No Doubt alumni have joined forces with singer Davey Havok of AFI to form Dreamcar, and it’s on to becoming the next 21st century new wave super-group. The band brings some of No Doubt’s cheeky funk and ’80s nostalgia as well as a mutual love of The Cure shared with Havok. (Photo submitted)

No Doubt alumni have joined forces with singer Davey Havok of AFI to form Dreamcar, and it’s on to becoming the next 21st century new wave super-group. The band brings some of No Doubt’s cheeky funk and ’80s nostalgia as well as a mutual love of The Cure shared with Havok. (Photo submitted)

Ambitious new drop

A band born from the ashes of No Doubt, Dreamcar has ambition written all over their sound

A band born from the ashes of ‘90s supergroup No Doubt, Dreamcar has ambition written all over their sound.

The alumni (Tony Kanal, Tom Dumont, and Adrian Young) have joined forces with singer Davey Havok of AFI. And it’s on to becoming the next 21st century new wave super-group. The band brings some of No Doubt’s cheeky funk and ’80s nostalgia as well as a mutual love of The Cure shared with Havok.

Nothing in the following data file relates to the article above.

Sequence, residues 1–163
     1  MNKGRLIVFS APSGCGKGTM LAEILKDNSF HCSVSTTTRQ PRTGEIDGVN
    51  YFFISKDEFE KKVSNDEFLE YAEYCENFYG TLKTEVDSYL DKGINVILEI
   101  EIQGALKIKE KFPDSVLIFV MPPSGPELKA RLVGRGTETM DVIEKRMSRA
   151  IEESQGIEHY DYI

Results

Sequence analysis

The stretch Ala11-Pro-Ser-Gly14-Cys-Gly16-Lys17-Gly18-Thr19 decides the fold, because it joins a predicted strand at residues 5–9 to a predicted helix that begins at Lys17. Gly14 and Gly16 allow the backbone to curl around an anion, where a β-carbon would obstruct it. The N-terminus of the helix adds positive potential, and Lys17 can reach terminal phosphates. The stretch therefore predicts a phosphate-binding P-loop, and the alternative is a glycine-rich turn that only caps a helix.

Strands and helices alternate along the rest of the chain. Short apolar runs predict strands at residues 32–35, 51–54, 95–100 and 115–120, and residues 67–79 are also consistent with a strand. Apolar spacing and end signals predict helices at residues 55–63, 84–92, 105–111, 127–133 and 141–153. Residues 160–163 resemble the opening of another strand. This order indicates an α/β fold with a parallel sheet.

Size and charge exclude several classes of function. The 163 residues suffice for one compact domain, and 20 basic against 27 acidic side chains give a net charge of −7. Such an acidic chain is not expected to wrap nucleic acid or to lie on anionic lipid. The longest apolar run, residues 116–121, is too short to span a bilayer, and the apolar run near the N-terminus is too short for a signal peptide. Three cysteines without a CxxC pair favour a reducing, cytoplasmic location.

After I Confess and Kill for Candy also has British new wave all over it, and Dreamcar takes that vibe to the max. The group’s pedigree reaches back to the California East Bay hardcore scene where punk and U.K. new wave sounds reigned supreme.

The pairing of Havok with the No Doubt alumni pays off in polished sound. Songs like The Assailant display the group’s ease with atmospheric use of effects and arrangement and Havok’s pseudo-epic operatic vocal performance. All members are workaholic musicians and their record has a lived-in feel, almost like they’ve been together for years, because, well, some of them have.

To their credit, the group doesn’t lean on sonic trademarks of past successes. Dreamcar is all about the new but the music and production reveals it to be about playing stadiums and big shows.

Havok’s front-man skills are well honed and he can pull out the Valhalla voice when needed (Show Me Mercy). The team of Kanal, Dumont, and Young have a smart, well-oiled rapport that translates into wide impressive sounds. The group’s songwriting facility sounds natural and at times evocative (Born to Lie). They sound big and shiny, but they’re musicians with credibility.

Dean Gordon-Smith is a Vernon-based musician who reviews the latest music releases in his column, Street Sounds, every Friday.